We happened upon a fantastic restaurant right next to our hotel, OC Steamers, which didn’t necessarily look like much from the outside. However, once inside, there’s a gorgeous view of the ocean, and during our second visit, we were lucky enough to catch the sun going down and refracting off the water, which was beautiful. There’s also an outdoor area with picnic tables and sand underneath, so you can slip out of your flip flops as you eat and dig your toes into the sand. Seafood isn’t Matt’s thing, so I was relieved that he found the best steak he’d ever eaten at this restaurant. I ordered a bowl of cream of crab soup, which was easily some of the best food I’ve ever had as well, and certainly the yummiest soup. I’m not a fan of steak, but I kept asking Matt for bites of his. Really amazing. The chef even came out and quickly asked us how our food was without hovering, and I told him it was awesome. Between the food and the friendly service at this place, OC Steamers was a great dining experience, and I’d go back to OC just to visit them again.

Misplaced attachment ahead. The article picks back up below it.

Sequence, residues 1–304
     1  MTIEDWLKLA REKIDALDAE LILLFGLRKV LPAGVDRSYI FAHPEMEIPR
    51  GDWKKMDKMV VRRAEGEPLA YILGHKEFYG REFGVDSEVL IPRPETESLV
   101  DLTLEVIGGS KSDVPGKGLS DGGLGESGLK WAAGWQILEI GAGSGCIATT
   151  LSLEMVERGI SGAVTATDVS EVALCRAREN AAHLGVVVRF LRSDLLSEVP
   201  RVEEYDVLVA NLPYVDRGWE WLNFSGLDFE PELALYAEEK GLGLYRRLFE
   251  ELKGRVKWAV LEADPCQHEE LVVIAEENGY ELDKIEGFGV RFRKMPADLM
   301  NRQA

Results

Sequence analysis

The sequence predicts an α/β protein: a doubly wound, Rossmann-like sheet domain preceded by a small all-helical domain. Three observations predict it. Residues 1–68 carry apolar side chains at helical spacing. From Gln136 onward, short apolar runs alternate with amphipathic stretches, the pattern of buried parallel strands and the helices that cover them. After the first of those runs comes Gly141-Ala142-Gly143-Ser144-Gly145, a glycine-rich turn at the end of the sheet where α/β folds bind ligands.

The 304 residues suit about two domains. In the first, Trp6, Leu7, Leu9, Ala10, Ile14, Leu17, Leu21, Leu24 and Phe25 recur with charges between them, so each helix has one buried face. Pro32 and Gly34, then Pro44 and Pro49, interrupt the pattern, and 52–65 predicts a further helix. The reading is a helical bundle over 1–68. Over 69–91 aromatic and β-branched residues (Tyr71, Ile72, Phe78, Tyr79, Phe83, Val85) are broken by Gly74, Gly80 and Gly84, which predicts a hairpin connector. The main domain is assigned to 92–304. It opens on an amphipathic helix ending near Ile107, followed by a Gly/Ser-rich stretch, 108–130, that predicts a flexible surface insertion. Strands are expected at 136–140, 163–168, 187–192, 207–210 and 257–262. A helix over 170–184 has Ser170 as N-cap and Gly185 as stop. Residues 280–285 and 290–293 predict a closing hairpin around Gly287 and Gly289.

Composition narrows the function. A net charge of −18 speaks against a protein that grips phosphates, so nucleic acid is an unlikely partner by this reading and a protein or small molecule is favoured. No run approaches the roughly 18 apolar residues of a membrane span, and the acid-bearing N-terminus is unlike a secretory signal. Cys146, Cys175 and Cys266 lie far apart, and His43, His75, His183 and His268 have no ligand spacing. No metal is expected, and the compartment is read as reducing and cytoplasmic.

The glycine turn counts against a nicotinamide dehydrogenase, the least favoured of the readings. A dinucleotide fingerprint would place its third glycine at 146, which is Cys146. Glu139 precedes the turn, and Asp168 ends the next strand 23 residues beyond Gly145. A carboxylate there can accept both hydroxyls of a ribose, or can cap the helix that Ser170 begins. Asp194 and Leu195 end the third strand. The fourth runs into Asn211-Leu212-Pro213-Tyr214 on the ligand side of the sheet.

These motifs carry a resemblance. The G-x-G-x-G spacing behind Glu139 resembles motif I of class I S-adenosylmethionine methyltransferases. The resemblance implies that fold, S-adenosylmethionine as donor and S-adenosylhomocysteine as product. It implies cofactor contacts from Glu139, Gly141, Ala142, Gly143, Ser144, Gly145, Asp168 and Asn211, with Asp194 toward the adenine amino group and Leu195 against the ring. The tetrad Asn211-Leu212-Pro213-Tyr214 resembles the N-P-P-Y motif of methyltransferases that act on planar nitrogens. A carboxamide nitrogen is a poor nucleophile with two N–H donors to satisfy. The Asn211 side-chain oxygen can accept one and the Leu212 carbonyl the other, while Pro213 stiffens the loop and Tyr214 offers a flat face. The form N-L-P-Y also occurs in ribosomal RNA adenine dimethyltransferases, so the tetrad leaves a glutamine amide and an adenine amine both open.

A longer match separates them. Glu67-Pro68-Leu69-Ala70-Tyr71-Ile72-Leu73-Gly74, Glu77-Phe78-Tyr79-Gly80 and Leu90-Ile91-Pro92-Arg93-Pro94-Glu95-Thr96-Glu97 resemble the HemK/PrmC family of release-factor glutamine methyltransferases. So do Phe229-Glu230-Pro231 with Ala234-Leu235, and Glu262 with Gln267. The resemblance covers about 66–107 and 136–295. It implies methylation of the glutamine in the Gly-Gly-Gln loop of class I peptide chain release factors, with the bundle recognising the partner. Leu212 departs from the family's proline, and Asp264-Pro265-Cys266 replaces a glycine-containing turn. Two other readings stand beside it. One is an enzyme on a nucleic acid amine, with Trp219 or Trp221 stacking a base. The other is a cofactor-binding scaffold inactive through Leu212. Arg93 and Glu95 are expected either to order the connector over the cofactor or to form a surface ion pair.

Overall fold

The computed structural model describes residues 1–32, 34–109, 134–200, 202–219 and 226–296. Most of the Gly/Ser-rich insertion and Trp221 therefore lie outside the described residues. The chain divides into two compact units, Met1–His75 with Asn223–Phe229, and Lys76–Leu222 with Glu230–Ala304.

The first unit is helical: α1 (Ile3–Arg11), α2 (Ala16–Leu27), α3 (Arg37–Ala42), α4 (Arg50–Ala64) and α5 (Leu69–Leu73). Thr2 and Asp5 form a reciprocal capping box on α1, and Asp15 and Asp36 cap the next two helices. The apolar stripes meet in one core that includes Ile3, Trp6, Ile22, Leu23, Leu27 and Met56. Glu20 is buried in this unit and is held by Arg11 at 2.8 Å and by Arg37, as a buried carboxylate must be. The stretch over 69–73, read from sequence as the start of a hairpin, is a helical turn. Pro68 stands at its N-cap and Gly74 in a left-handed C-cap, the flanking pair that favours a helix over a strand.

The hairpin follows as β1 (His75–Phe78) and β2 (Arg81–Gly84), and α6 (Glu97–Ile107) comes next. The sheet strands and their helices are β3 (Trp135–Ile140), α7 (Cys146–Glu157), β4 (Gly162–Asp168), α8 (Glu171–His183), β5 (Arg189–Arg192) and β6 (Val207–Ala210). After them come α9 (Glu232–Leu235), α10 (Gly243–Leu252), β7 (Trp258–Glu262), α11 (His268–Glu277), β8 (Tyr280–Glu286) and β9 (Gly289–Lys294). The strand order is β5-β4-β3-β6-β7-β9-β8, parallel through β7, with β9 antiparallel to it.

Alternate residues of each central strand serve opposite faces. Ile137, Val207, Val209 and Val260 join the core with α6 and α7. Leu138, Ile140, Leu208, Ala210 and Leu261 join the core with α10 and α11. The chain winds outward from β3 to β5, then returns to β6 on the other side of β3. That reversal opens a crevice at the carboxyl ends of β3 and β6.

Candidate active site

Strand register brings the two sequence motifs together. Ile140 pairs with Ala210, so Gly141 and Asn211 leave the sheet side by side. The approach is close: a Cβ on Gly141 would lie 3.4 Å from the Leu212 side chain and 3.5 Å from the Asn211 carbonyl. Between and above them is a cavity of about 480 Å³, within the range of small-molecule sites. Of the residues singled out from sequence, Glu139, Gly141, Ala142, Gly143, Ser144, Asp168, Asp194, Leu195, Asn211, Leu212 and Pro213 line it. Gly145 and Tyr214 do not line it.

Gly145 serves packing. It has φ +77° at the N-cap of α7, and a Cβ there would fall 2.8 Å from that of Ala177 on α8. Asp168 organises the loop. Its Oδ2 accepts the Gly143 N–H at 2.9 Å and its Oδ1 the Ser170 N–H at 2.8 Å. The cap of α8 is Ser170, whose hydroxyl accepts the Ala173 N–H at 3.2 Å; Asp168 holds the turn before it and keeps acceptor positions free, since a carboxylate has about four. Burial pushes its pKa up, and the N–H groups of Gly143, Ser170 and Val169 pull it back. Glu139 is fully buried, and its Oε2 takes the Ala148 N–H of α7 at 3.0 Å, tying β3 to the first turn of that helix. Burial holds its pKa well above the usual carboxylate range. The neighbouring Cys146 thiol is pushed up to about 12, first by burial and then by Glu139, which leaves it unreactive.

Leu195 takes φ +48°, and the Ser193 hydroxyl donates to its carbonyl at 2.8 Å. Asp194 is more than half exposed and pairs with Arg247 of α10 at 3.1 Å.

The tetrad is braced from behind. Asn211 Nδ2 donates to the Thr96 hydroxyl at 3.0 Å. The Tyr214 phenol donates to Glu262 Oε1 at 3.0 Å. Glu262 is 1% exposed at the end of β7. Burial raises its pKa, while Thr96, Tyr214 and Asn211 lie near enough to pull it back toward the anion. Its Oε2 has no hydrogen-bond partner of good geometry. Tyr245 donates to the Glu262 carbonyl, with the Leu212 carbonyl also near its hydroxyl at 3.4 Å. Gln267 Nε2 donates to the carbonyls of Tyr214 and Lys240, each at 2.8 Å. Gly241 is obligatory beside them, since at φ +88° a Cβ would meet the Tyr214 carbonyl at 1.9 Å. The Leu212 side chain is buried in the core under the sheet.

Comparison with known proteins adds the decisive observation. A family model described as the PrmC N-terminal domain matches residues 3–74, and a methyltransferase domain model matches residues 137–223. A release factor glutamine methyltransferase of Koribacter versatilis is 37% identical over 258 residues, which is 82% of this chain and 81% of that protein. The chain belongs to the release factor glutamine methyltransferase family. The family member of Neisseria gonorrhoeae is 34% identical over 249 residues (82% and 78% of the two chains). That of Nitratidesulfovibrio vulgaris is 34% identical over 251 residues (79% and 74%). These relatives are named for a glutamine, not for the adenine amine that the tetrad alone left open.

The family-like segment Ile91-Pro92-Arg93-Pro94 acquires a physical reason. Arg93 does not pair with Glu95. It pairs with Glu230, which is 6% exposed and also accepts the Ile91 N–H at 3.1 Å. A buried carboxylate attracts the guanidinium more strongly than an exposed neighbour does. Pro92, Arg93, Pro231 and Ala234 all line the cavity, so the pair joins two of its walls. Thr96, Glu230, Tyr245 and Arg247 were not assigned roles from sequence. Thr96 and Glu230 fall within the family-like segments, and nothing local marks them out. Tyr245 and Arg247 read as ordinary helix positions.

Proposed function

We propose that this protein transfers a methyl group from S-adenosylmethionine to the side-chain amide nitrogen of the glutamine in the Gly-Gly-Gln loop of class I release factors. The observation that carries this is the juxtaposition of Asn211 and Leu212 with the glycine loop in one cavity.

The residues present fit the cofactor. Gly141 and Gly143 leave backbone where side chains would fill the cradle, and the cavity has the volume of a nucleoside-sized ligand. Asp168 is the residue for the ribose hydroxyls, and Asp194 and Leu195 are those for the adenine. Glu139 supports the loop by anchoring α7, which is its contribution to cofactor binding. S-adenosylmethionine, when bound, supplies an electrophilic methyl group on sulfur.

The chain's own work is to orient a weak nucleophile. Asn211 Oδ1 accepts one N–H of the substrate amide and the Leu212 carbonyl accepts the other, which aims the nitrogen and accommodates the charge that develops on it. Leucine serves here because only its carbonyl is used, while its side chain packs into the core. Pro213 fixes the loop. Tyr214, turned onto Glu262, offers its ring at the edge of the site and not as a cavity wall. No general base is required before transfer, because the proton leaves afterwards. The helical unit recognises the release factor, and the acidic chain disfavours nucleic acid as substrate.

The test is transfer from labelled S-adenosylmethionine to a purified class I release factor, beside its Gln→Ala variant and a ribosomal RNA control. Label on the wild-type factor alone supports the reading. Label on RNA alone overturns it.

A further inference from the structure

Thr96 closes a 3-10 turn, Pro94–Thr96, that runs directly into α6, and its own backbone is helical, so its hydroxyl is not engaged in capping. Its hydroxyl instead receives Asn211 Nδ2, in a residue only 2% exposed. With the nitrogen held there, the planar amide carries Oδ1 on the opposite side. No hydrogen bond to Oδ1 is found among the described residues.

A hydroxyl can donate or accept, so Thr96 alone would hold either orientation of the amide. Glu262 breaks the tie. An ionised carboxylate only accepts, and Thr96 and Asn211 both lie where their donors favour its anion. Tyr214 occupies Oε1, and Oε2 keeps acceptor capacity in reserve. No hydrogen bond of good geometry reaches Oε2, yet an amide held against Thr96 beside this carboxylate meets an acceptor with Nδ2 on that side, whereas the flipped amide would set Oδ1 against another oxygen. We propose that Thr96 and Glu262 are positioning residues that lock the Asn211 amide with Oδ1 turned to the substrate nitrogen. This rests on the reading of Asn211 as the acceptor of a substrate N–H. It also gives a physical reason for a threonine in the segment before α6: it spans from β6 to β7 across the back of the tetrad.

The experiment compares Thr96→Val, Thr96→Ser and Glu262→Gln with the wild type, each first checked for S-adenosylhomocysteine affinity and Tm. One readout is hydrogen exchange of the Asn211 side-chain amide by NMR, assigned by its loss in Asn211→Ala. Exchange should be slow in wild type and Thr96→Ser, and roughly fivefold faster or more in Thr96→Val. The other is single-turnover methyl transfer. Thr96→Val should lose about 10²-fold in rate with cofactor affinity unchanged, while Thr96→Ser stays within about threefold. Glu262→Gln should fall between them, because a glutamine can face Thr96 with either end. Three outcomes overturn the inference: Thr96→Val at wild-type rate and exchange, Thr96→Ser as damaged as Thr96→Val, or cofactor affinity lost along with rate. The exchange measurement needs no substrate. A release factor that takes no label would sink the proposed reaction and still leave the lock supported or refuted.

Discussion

Another place to go in OC is Dumser’s for ice cream or a shake. I think the name sounds a bit too similar to the word “Dumpster’s,” but we managed to visit them twice, once on the boardwalk. I do remember seeing Dumser’s name and photos all over Pinterest whenever I searched “Ocean City MD” in the weeks and months before our trip. Via Pinterest, I also discovered that while there, we should visit a place called Fractured Prune donut shoppe, but we must have ventured in the wrong direction on the boardwalk since we never saw it. Next time.